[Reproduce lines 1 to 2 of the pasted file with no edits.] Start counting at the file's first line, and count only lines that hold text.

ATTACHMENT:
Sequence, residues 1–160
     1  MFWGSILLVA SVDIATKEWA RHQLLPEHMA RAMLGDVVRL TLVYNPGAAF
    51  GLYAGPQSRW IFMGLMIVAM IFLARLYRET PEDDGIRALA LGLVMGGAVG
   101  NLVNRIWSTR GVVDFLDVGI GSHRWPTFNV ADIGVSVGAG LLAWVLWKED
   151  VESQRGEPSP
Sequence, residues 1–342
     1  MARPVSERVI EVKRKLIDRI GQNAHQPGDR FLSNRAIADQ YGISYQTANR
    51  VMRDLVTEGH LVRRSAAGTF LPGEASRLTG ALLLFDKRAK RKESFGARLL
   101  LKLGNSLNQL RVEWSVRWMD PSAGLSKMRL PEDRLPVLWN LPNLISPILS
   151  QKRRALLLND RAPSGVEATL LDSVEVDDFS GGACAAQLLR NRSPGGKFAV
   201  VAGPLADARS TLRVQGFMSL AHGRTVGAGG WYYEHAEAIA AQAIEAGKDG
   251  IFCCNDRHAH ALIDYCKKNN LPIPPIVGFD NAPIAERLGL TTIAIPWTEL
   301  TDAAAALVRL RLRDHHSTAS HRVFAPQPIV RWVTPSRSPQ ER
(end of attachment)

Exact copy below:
Sequence, residues 1–160
     1  MFWGSILLVA SVDIATKEWA RHQLLPEHMA RAMLGDVVRL TLVYNPGAAF